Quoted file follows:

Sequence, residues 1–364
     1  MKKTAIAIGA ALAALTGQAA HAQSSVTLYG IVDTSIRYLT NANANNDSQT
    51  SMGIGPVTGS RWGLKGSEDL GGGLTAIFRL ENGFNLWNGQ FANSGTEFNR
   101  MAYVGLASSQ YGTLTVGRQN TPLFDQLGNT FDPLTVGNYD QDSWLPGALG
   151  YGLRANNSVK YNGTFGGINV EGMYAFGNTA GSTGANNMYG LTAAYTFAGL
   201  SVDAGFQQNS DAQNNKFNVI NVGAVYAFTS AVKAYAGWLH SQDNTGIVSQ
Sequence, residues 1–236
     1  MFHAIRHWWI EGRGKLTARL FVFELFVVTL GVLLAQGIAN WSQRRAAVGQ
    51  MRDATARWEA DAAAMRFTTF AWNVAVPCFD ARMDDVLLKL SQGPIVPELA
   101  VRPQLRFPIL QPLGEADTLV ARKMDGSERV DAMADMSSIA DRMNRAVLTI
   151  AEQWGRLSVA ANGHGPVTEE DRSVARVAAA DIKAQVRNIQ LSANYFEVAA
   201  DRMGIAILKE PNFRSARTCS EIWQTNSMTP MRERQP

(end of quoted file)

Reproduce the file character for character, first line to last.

Sequence, residues 1–364
     1  MKKTAIAIGA ALAALTGQAA HAQSSVTLYG IVDTSIRYLT NANANNDSQT
    51  SMGIGPVTGS RWGLKGSEDL GGGLTAIFRL ENGFNLWNGQ FANSGTEFNR
   101  MAYVGLASSQ YGTLTVGRQN TPLFDQLGNT FDPLTVGNYD QDSWLPGALG
   151  YGLRANNSVK YNGTFGGINV EGMYAFGNTA GSTGANNMYG LTAAYTFAGL
   201  SVDAGFQQNS DAQNNKFNVI NVGAVYAFTS AVKAYAGWLH SQDNTGIVSQ
Sequence, residues 1–236
     1  MFHAIRHWWI EGRGKLTARL FVFELFVVTL GVLLAQGIAN WSQRRAAVGQ
    51  MRDATARWEA DAAAMRFTTF AWNVAVPCFD ARMDDVLLKL SQGPIVPELA
   101  VRPQLRFPIL QPLGEADTLV ARKMDGSERV DAMADMSSIA DRMNRAVLTI
   151  AEQWGRLSVA ANGHGPVTEE DRSVARVAAA DIKAQVRNIQ LSANYFEVAA
   201  DRMGIAILKE PNFRSARTCS EIWQTNSMTP MRERQP